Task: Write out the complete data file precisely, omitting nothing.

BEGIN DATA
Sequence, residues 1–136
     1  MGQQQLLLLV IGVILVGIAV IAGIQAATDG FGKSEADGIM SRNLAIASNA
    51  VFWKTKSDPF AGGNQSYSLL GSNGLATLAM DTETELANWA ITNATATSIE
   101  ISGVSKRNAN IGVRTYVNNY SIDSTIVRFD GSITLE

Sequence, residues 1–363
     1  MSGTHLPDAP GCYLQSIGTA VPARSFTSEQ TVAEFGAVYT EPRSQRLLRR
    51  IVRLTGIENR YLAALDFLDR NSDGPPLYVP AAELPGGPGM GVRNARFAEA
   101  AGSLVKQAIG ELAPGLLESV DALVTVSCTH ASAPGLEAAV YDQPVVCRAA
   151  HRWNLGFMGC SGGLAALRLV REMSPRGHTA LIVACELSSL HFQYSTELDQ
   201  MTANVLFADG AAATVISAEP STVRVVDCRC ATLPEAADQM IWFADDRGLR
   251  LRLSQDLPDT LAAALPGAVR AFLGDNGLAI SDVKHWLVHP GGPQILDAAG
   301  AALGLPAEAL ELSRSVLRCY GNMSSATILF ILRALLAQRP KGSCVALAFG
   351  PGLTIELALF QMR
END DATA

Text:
Sequence, residues 1–136
     1  MGQQQLLLLV IGVILVGIAV IAGIQAATDG FGKSEADGIM SRNLAIASNA
    51  VFWKTKSDPF AGGNQSYSLL GSNGLATLAM DTETELANWA ITNATATSIE
   101  ISGVSKRNAN IGVRTYVNNY SIDSTIVRFD GSITLE

Sequence, residues 1–363
     1  MSGTHLPDAP GCYLQSIGTA VPARSFTSEQ TVAEFGAVYT EPRSQRLLRR
    51  IVRLTGIENR YLAALDFLDR NSDGPPLYVP AAELPGGPGM GVRNARFAEA
   101  AGSLVKQAIG ELAPGLLESV DALVTVSCTH ASAPGLEAAV YDQPVVCRAA
   151  HRWNLGFMGC SGGLAALRLV REMSPRGHTA LIVACELSSL HFQYSTELDQ
   201  MTANVLFADG AAATVISAEP STVRVVDCRC ATLPEAADQM IWFADDRGLR
   251  LRLSQDLPDT LAAALPGAVR AFLGDNGLAI SDVKHWLVHP GGPQILDAAG
   301  AALGLPAEAL ELSRSVLRCY GNMSSATILF ILRALLAQRP KGSCVALAFG
   351  PGLTIELALF QMR